Defining “work-life balance” is difficult. Eventually, as you stay committed to finding what works for your organization, the definition becomes less nebulous. At Helios, our definition centers around integration instead of balance. When we first start, we work with our mentors and team leads to determine what works for us: when to answer immediately, when to allow the email to sit until morning, and when to leave the phone altogether.
As we spend this October recognizing the twelfth occurrence of National Work & Family Month, Helios recognizes that the question of how to better enable work-life balance is a recurring one. You know what’s great about that? It should be recurring! The workplace, the folks in it, the technology available and more continues to evolve and it’s our job to keep evolving with it.
By continuing to examine our practices, to identify what’s working and what’s not, the “why should I care?” of this becomes clear. In our 2015 Apollo Awards Whitepaper, we highlight that organizations that take steps to make a positive impact in the lives of their employees were more likely to experience higher levels of engagement. That increased engagement can lead to a lot of things: decreases in turnover and absenteeism, and increases in profitability and productivity.
Now that we have the “what” and the “why”, what about the “how”? How do we identify what matters, what we can do to help, and what may need to change to better facilitate the well-being of employees when it comes to their work-life balance?
Three Steps to Review and Revamp Your Evolving Work-Life Practices
1. ) Ask for, and don’t be afraid to hear, the truth.
It can be difficult to hear the “hard truth”, and as HR practitioners, there’s nothing more important than being tuned into the health of the organization and its culture. A lack of work-life balance manifests itself in so many different ways – from being late to missing deadlines to not showing up at all – that we may not identify them as being related to a lack of balance readily. At Helios, we recommend and regularly conduct “stay interviews/engagement check-ins.” This encourages leaders to spend time talking through the ups and downs of employment for each team member, not their team as a whole. This information helps identify and abate concerns, as well as highlight and build on the positive.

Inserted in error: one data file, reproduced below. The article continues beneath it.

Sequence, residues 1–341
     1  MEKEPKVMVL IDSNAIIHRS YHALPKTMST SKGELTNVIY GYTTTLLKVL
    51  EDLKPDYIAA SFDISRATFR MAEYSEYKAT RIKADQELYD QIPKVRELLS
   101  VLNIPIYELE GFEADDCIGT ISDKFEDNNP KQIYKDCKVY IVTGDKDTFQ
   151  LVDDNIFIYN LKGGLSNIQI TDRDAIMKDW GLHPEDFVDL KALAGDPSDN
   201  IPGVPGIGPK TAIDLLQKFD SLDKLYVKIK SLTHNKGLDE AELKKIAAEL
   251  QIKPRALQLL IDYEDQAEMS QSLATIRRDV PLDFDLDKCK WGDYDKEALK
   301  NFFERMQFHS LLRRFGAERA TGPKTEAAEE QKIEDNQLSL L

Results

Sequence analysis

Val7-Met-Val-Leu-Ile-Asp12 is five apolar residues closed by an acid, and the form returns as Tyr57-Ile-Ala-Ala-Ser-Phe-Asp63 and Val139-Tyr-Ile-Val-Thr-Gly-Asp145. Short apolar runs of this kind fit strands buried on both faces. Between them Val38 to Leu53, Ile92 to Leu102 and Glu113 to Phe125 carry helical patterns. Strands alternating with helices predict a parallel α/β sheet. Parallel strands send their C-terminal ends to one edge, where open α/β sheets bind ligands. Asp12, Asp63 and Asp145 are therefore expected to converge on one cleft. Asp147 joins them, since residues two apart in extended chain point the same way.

Although offering an opportunity for each individual to express their thoughts is crucial, we also recognize the importance of keeping your finger on the pulse of the organization as a whole. Gathering this information on a grander scale commonly takes on the form of a culture survey, one of our most requested services. During this process, we help organizations identify areas of excellence and opportunity, ensuring each client receives actionable feedback on how to continue developing and attain the culture they are aiming for.
2.) Take the leap.
It’s only natural; we assume when we can’t see someone in the office that they aren’t working. To help your team get a better grasp on the balance of work and home, it takes your organization taking the leap of not focusing quite so much on the conventional 40 hour work week, rather, focusing on the work getting done and getting done well. It’s a hard transition to make, so ensuring your leadership team understands the implications and team members know the expectations for availability, work output, etc. will be key.
3.) Be flexible.
Having a policy for your organization’s telework, flexible work arrangements, etc. in place is great, in fact, it’s a best practice. However, when a solution doesn’t fit directly into what’s already defined, it’s natural for there to be some friction. Take the time to do your research and learn more about the potential fix, why it isn’t already an option, and anything else that may be holding you back from offering it. If it seems reasonable and works for the individual’s work assignments, don’t brush it off. Think about it and take the time to seriously consider the implications.
Ready to get started but aren’t sure of next steps? Try taking a pulse with a stay interview or a culture study conducted by a third-party to get honest feedback from your employees.